start with a defined intent- what is my purpose for attending this event? Once
    that is known, you have provided a vivid plate of options to choose from that
    will not only make the process easier, but far more effective. Thanks.

  • pamelahawley

    Dear Allison,

    What wonderful ideas!  One way I look at it is to take a European View: Instead of talking about work, ask about what people are interested in.  Often work for people is simply a job.   

    In America, we often use work as a "go-to" in our conversations.  That's not bad, as many of us are passionate about our work, or have been fortunate to find a calling.  

    Yet Europeans take a different view.  They often enjoy life through a broader perspective: art, food, intellect, spending time together.   Work is one component of life.  

    So instead I ask what people are interested in, what they love to do.  People love to talk about this, and it may or may not involve work. They also appreciate being asked about themselves holistically as people.

    Sincerely,
    Pamela Hawley
    Founder and CEO
    UniversalGiving™

    phawley@universalgiving.org
    http://www.universalgiving.org

    Living and Giving blog
    http://www.pamelahawley.wordpr...

  • Destin from Dc Moving Company

    Of course it is true; a small talk can make a big talk between two or more people. I appreciate your ideas and people can enhance their personality through this too.

  • Lori Freemire

    For professional events, I always wear my company-logo'd shirt or a lapel pin.  I always get questions about the company, which is Australian, and what we do. When attending non-profit or community events, I get the conversation going with, "What's your interest or connection to this organization?"  I've been in my current location for a year and am an introvert, so I make every effort to make sure I know as much as possible about the event/organizer/ speaker/issues/audience so I can come armed with relevant conversation-starters.

  • Kevin Herbert

    I like to ask what expectations the person had of the meeting today and who the most interesting people they met were. Also, what inspires or motivates you?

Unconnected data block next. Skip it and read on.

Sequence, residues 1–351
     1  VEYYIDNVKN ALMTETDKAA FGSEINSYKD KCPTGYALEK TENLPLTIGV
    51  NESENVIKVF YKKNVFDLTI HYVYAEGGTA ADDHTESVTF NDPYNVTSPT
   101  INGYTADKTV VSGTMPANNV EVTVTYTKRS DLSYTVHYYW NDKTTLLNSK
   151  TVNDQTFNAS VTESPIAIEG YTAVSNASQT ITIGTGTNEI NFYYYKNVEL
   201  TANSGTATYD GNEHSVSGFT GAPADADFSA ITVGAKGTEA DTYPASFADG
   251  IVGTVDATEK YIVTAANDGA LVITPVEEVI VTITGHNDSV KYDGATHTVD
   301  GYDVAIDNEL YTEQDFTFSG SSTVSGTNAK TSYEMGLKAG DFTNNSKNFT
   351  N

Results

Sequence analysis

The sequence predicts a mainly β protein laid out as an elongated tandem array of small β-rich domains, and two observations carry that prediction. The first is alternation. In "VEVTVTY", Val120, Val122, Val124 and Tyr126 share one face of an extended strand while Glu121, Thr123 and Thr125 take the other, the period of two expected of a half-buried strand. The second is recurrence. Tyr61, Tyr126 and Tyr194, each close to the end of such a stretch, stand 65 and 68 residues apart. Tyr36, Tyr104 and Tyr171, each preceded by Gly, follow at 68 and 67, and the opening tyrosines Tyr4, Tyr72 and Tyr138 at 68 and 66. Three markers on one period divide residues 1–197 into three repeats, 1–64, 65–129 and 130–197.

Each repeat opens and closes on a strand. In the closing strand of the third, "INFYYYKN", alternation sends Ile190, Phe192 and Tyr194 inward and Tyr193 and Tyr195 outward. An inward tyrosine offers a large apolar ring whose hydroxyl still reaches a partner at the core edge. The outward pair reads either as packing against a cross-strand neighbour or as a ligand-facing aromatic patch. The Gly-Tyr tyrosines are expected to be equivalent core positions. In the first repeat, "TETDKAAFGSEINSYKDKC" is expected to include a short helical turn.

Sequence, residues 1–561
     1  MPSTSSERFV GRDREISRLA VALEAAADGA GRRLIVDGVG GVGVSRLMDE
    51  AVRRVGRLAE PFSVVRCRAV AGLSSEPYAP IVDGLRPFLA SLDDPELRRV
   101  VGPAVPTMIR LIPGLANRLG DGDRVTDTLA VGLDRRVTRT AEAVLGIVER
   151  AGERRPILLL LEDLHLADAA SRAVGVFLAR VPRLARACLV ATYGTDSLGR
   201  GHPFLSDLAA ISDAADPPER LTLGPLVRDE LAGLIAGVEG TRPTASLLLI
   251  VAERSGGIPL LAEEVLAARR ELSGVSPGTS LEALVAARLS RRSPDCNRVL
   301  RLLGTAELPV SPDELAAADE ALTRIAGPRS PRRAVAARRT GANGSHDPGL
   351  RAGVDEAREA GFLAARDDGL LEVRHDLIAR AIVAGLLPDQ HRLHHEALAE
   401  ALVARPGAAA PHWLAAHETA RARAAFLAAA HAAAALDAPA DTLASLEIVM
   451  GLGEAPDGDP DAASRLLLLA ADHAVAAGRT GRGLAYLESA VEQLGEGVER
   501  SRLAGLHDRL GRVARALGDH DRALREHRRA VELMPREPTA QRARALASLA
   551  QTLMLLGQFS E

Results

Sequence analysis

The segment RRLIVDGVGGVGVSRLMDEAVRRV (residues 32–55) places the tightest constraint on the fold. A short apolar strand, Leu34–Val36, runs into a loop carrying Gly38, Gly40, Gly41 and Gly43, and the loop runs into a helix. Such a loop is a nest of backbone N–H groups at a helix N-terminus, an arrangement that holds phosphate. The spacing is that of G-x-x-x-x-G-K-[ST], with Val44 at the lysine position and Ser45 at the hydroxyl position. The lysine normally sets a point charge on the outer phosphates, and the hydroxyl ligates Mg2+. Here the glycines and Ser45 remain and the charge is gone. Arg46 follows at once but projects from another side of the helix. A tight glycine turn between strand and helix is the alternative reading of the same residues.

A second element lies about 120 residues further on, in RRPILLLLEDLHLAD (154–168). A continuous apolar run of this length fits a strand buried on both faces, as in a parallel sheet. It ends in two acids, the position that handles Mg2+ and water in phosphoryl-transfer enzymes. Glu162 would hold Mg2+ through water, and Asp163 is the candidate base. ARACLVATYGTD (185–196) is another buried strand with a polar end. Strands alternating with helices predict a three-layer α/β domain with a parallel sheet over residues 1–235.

• Kathryn M Young

    I often find it difficult to begin small talk...however my go to is how much I enjoy the group or organization throwing the event and how they have partnered with my company/organization. This small opening allows me to find out more about their connection and industry. 

  • Jillea

    I like to talk about the event or the reason for the event or maybe the speaker. 
    Examples:
    Did you catch the keynote speaker this morning? I felt like he was talking directly to me when he said...Isn't it wonderful the way this group supports XYZ Foundation? It makes giving a little more a little easier for me.I almost didn't come tonight but I'm glad I did because I enjoyed that skit. Do you know who played the Big Bad Wolf in it?Just keep it positive.

  • LauraJean

    You may want to consider asking them something like "What is it about your business / product / service that I should know in order to send / recommend prospective customers / clients to you?"

  • Christy Smallwood

    I enjoy finding out people's "WHY."  Why they do the thing they do.  What's their passion?  What light's them up?  If the person across from me feels like I am fully engaged in their excitement, I will be remembered.  The key to that - be genuinely engaged.  Actively listen, ask open-ended questions that get people talking more about themselves.  I find that people remember me for being caring, welcoming, and someone they want to continue relationship with.